By Daniel Hutti, CBN Graduate Research Assistant

We are highlighting maps relevant to community development in each issue of the Community Builders Exchange. To view maps from previous editions of the Community Builders Exchange, click here. If you have a map that would be of interest to our readers, please let us know by emailing us at cbn@umsl.edu.

Neighborhood wealth is commonly assessed and represented in maps through the perspective of mean or median income. The map below provides such a perspective, displaying wealth in St. Louis in terms of median income. The darker shaded areas on the map are areas with higher median income. From this perspective, the highest earners in St. Louis are largely concentrated in west St. Louis County.

median income by tract(Click to enlarge the image)

Another method for assessing neighborhood wealth is to look at an income density ratio. Income density divides the aggregate income of a geography by the land area of that region. The map below shows the income density ratio for census tracts in the St. Louis region. In this map, the darker shaded areas are census tracts with higher income density ratios. These areas have higher income per square foot of land. Whereas the first map shows concentrations of high earners, this map shows areas of concentrated wealth.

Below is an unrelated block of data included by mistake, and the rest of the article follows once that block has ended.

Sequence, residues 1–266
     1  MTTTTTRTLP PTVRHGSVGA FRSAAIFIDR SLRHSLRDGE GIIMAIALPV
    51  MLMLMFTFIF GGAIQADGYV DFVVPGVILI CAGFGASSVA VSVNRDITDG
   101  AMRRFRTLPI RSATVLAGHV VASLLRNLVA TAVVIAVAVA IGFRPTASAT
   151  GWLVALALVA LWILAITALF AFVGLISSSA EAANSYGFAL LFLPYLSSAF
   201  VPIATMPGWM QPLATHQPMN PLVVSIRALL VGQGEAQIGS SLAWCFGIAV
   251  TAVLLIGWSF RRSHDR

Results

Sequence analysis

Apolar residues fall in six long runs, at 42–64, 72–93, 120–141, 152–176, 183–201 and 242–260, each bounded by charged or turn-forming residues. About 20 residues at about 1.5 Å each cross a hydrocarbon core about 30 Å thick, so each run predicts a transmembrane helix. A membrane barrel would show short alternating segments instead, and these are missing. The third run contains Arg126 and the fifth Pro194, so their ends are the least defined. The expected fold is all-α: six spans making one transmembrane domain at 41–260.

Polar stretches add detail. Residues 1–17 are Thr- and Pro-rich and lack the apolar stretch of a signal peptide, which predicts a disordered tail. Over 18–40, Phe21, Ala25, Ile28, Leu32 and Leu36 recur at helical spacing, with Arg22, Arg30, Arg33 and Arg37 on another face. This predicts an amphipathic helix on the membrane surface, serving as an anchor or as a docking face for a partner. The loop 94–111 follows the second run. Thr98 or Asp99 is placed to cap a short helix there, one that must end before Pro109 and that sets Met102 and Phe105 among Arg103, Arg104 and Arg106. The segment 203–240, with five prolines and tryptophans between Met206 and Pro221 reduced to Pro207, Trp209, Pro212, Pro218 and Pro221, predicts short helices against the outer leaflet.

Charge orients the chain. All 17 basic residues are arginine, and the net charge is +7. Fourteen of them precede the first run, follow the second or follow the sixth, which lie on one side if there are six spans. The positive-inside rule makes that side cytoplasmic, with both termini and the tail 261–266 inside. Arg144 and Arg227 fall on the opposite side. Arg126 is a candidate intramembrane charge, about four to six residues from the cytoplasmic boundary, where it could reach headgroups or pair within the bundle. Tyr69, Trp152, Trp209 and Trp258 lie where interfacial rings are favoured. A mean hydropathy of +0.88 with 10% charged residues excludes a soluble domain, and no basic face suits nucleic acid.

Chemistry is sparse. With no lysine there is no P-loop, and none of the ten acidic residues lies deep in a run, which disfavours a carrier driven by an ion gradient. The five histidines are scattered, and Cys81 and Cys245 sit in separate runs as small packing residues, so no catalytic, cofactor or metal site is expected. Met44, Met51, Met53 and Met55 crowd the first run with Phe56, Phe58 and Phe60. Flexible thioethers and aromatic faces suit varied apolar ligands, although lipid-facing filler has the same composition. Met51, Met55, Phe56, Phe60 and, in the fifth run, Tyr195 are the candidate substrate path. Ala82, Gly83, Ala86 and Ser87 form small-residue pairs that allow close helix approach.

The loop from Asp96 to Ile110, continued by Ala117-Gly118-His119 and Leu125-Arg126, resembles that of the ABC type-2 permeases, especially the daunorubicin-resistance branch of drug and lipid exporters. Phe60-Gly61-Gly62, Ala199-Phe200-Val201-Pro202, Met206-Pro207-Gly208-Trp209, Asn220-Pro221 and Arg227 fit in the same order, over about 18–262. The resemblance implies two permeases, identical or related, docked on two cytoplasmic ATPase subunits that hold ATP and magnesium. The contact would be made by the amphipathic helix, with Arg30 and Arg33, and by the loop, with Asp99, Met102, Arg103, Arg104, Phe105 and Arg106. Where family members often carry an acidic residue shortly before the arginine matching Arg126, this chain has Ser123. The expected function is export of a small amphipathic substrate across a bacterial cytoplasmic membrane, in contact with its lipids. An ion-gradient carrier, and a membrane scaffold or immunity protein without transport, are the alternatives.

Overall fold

Income Density(Click to enlarge the image)

From this perspective, wealth no longer appears to be solely concentrated in west St. Louis County. Rather, there are pockets of concentrated wealth in the census tracts just south and west of Forest Park and in some neighborhoods in south St. Louis City.

Another map, seen below, shows a slightly altered perspective, showing census block groups instead of census tracts. Through this map, the wealthy areas of St. Louis sit largely within the so-called “central corridor” and throughout much of south St. Louis city.